Catherine A. Masek
Dr. Samuel Mudd Road, Bryantown, Charles County
The Dr. Samuel A. Mudd House is a two part frame farmhouse. The main portion is a two-story, three-bay side-passage house, with the principal entrance with a 3-light transom occupying the west bay of the north facade. The south facade has a central entrance door. Windows are 6/6 sash throughout. A single 6/6 sash window appears in the attic gable of the east end of the house, between the two interior chimneys. The west gable ends is pierced by a single 6/6 sash window in the center of each of the three levels. The fenestration, door location, and two interior chimneys at the east end of the roof are the only original features that can be definitely established. Alterations made in 1928 include the introduction of a one-story hip-roofed porch across the facade, a centrally positioned cross gable with a six-light window, and several rear additions. It appears likely that the passage of the main block originally extended through to the rear of the house but was later shortened by the introduction of a partition wall that provided for the addition of a small bedroom. The main stair has a very simple balustrade and rises along the west wall from the northeast corner. The adjacent double parlors are connected by large pocket doors. All doors, trim, hardware, and the mantels (one has been replaced) appear original and are quite simple. The same floor plan and general treatment of the woodwork is repeated on the second floor. Positioned back from the principal facade at the east end of the main block is a smaller two-story, two-bay wing that appears to be contemporary to the main block. An additional one-story wing has been added to the east end of this addition more recently.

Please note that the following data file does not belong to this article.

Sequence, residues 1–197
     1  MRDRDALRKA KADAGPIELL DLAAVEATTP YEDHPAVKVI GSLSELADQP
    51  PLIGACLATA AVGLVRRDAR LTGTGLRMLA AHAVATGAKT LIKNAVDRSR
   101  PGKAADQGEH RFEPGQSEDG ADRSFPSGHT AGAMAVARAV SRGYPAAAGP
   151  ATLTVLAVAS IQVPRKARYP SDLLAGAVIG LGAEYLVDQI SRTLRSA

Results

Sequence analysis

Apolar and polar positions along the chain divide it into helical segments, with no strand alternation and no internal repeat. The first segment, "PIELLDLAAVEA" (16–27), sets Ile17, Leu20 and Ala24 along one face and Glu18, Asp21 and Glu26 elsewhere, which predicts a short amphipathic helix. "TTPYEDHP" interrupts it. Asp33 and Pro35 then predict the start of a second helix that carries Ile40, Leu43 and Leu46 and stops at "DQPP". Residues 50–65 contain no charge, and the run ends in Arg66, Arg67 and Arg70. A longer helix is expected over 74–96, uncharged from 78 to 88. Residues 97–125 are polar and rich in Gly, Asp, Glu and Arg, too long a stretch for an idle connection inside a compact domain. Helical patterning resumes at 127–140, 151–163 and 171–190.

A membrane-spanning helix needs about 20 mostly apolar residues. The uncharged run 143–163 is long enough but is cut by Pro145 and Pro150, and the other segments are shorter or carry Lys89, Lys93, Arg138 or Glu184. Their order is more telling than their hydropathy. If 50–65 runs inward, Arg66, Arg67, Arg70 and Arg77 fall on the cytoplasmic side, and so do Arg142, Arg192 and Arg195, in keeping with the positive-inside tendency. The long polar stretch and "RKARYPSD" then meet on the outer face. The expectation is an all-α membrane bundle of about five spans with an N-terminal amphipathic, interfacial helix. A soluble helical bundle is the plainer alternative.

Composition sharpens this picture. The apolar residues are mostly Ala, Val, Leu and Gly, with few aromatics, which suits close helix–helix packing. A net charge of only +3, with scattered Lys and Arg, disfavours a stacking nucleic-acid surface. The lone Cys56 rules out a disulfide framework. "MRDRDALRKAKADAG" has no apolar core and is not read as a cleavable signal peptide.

The national significance of the Dr. Samuel A. Mudd House is that Mudd treated the injured John Wilkes Booth, who hours before had assassinated President Abraham Lincoln at Ford's Theatre in Washington, D.C. In jumping from the Presidential box to the stage, Booth’s spur caught causing him to fracture his left leg upon landing. Despite his injury, Booth slipped across the Potomac River (11th Street) Bridge into Southern Maryland. In great pain, Booth soon realized he needed a doctor and detoured from his escape route reaching the residence of Dr. Mudd at 4 a.m., Saturday, April 15, 1865. With his features disguised, he (with an accomplice, David E. Herold) gave false names. Dr. Mudd splinted the broken bone in Booth's leg. Booth and Herold left about 2 p.m. the same day. For treating John Wilkes Booth's leg, Dr. Mudd was taken to Washington for questioning, and then jailed at the Capitol Prison. He was convicted of conspiracy in a military trial, and sentenced to imprisonment at Ft. Jefferson on Dry Tortugas Island off Key West, Florida. During his imprisonment, Mudd used his medical knowledge to save the lives of many fellow inmates during a Yellow fever epidemic. Because of his heroic services, the remaining Ft. Jefferson prisoners and guards petitioned for Mudd's release, which was granted on March 8, 1869. Dr. Mudd, however, weakened by his prison stay, never fully regained his health or his practice. "St. Catharine" has been in the Mudd family (descendants of Thomas Mudd, 1647-97) since the 1690s.